In the United States, pumpkin crops are produced primarily for wholesale, fresh-market, and ornamental use. Pumpkin production increased 6.4% in the U.S. between 2004 and 2005, totaling 1.1 billion lb in 2005 (U.S. Department Agriculture, 2006). An increase in the demand for pumpkin crops over the past decade has been the result of the growing popularity of events such as fall festivals, grade school farm tours, and u-pick crops. Most farms in New Jersey are surrounded by, or are located near, urban and suburban areas; therefore, many farmers operate roadside markets that sponsor agritourism events featuring the fall harvest of pumpkin crops. In 2007, New Jersey harvested 2500 acres of pumpkin, accounting for 5% of U.S. production (Ingerson-Mahar et al., 2007).
A critical aspect of entertainment agriculture, where agritourism is a main focus of the operation, is maintaining attractive fields that are weed-free and in a condition suitable for consumers to enter. Small farm operators near urban areas could apply autumn leaves collected from municipal shade trees to help 1) maintain an attractive field, 2) maintain suitable soil conditions for customer entry, 3) improve cleanliness of u-pick pumpkin fruit, and 4) improve overall soil health with the addition of organic matter to the soil (Heckman and Kluchinski, 2000a, 2000b). Municipal leaves spread over the soil surface may also help to conserve soil moisture, prevent soil erosion, and build soil fertility (Heckman and Kluchinski, 1996, 2000a, 2000b). Another advantage of leaf mulch is that it may serve as an effective barrier to prevent or reduce annual weeds. Leaf mulch residue that persists season-long for crops such as pumpkin may also provide a natural, physical barrier by preventing fruit from coming into direct contact with the soil, thereby resulting in cleaner fruit for consumers to handle and purchase.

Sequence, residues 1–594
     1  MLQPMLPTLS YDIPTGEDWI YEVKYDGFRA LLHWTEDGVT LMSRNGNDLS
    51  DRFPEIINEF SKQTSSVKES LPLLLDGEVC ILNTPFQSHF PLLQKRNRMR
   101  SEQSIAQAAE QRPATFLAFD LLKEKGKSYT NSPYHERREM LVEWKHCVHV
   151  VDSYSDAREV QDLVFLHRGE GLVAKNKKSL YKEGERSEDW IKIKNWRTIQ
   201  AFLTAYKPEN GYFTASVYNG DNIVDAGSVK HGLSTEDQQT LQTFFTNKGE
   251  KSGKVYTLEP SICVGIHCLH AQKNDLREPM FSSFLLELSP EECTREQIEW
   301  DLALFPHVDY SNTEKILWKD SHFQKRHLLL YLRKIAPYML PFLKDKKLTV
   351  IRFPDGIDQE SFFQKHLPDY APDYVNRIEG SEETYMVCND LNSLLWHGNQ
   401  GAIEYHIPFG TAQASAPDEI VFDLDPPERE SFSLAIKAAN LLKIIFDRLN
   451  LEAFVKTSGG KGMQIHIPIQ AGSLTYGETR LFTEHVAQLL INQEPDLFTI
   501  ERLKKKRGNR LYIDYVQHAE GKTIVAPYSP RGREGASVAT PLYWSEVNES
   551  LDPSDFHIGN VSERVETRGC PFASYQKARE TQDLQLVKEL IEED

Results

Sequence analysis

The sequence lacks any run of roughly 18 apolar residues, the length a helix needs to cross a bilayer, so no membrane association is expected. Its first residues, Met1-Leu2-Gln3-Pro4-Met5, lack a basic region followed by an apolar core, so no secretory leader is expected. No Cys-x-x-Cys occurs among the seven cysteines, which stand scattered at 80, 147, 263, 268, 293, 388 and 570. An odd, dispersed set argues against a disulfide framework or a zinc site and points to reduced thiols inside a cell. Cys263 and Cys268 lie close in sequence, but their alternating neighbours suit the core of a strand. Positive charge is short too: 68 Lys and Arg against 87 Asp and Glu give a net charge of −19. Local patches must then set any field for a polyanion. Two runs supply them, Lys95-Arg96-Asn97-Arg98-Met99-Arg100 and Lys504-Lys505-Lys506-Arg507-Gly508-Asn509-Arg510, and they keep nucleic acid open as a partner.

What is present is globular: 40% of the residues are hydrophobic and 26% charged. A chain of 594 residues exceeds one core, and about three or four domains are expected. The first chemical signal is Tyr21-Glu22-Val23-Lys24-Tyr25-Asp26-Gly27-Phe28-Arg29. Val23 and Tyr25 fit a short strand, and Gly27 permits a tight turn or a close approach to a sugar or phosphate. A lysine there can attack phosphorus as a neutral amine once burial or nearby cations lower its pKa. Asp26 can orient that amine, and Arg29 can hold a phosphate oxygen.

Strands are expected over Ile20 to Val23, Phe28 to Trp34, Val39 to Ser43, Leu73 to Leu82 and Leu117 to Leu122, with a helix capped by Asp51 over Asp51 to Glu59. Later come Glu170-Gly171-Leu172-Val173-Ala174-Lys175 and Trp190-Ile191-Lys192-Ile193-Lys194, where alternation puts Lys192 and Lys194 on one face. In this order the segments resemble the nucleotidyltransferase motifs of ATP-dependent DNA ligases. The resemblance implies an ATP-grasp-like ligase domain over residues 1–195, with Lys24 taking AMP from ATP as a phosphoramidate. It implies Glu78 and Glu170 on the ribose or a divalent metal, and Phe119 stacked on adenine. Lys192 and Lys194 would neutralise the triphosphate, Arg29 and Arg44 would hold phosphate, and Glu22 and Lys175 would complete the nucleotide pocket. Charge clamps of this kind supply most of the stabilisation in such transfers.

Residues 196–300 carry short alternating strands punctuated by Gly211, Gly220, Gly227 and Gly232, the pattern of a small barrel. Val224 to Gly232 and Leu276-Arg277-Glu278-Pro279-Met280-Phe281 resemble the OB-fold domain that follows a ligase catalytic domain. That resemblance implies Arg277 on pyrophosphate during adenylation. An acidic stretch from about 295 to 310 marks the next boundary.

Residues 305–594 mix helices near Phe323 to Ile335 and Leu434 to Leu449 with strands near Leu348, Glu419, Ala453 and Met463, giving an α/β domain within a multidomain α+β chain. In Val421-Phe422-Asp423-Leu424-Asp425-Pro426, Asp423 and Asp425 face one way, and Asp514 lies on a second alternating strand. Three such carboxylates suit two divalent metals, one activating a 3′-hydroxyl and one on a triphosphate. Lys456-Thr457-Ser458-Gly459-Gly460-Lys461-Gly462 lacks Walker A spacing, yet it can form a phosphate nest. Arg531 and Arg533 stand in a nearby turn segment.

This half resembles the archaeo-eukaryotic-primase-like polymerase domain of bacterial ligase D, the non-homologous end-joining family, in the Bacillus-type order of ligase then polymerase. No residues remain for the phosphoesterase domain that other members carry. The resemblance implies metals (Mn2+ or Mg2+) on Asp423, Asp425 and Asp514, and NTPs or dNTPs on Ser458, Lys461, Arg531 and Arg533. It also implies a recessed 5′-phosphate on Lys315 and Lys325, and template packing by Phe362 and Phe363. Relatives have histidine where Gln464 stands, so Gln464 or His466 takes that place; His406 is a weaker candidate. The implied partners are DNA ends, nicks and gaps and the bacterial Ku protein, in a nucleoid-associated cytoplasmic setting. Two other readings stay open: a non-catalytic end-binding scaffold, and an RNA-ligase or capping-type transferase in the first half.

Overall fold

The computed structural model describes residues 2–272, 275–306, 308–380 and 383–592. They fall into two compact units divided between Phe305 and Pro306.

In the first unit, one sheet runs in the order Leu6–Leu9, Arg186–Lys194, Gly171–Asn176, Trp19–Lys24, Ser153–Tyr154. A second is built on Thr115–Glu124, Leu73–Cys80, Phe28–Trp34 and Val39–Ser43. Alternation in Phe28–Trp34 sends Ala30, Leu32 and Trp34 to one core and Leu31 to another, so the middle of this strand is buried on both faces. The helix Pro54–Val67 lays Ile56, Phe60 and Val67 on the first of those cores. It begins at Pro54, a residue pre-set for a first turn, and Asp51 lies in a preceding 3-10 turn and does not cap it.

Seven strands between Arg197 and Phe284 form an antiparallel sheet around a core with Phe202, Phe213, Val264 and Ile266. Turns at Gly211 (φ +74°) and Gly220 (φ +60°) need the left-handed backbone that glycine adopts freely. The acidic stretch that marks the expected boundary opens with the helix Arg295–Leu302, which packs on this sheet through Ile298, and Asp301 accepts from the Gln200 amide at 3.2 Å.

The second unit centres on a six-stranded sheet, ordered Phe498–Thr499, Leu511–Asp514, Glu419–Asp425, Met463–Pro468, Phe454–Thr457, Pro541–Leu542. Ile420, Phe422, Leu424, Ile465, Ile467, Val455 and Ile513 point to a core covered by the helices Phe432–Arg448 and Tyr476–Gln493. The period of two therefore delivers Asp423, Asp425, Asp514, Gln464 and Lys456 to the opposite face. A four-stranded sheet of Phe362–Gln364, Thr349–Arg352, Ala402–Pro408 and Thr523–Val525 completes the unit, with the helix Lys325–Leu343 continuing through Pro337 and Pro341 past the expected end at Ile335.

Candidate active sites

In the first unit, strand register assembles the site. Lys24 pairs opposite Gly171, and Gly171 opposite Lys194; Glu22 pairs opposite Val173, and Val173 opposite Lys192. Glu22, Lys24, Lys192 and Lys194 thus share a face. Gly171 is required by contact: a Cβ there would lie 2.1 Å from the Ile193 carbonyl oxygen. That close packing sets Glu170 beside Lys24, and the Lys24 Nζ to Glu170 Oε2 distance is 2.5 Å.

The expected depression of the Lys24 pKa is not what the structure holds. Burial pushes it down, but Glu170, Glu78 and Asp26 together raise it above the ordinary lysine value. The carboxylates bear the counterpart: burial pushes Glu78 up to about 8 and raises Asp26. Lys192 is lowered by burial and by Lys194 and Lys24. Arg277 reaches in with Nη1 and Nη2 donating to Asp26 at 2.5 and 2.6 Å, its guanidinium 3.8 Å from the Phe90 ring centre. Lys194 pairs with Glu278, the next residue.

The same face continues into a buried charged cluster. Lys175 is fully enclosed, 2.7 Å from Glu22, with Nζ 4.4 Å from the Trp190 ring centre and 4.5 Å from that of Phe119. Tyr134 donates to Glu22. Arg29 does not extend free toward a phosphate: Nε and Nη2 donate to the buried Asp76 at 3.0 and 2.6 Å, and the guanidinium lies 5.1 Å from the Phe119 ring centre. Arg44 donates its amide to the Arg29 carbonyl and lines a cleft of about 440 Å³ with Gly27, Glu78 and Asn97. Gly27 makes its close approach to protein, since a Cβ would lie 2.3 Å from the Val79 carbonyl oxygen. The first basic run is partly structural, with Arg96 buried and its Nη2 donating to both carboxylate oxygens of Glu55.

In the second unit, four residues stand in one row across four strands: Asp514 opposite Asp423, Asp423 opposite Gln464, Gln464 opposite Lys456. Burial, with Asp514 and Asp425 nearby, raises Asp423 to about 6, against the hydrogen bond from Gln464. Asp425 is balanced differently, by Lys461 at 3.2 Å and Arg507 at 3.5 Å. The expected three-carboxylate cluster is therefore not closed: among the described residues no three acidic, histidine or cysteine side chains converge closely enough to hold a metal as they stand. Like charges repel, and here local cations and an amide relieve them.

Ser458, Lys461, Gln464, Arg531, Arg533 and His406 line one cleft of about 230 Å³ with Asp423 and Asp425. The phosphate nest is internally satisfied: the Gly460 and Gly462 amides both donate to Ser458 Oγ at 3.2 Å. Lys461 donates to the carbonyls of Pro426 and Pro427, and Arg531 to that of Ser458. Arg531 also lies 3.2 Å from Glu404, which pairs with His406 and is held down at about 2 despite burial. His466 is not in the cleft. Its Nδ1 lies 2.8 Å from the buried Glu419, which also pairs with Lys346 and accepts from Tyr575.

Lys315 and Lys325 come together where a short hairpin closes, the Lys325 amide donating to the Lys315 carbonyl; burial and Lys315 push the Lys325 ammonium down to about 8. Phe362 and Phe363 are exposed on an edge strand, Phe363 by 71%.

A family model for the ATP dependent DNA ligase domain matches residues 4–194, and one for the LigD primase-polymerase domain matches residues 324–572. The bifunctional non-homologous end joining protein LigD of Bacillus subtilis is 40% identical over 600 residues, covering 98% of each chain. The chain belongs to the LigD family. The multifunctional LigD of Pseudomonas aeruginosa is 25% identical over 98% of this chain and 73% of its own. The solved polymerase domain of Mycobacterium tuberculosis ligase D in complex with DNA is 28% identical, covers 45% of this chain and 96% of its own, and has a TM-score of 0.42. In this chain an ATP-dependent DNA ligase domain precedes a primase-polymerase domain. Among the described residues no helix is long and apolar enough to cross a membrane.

Studies conducted to determine the effects of various production systems and mulches on yield, plant and soil moisture properties, soil erosion, weed control, disease, and fertility with various horticultural crops have shown benefits of mulch (Abdul-Baki and Teasdale, 1997; Acosta-Martinez et al., 1999; Christine et al., 1998; Doring et al., 2005; Hasan et al., 2005; Schonbeck 1998; Wyenandt, 2004), but few studies have been done with pumpkin. A study by Rutledge (1999) determined that vetch residue kept weed competition levels low and resulted in higher quality fruit at harvest with a cleaner, glossier, and brighter appearance compared with pumpkins that were conventionally grown.
Leaf mulching on agricultural land may also benefit local municipalities by providing a cost-effective method to use collected leaves. In New Jersey, 5 million cubic yards of leaves are collected each year by local municipalities for composting or use on farms because state regulations prohibit the disposing of leaves into landfills or with local incineration (Derr and Kluchinski, 1995). In 1994 in New Jersey, a study of municipalities and local farm operators who applied municipal leaves to their land indicated that on-farm mulching had the potential to reduce the cost of municipal leaf management while providing organic matter to the soil and monetary incentives to the farmers through tipping fees paid by municipalities to farmers averaging $3.00/yard3 (Derr and Kluchinski, 1995). However, a potential concern with the use of municipal leaves as a soil-surface mulch in vegetable production is the high carbon to nitrogen ratio (C:N) of shade tree leaves. Shade tree leaves have a C:N ratio of ≈50:1, and heavy applications of such leaves are likely to cause immobilization of soil N (Heckman and Kluchinski, 1995, 1996). The high C:N ratio of leaves would suggest that higher than normal N fertilizer application rate may be necessary when growing vegetable crops such as pumpkin with municipal leaf mulch.
The objectives of this study were to determine the effects of leaf mulch and sidedress nitrogen rate on pumpkin yield and fruit quality.
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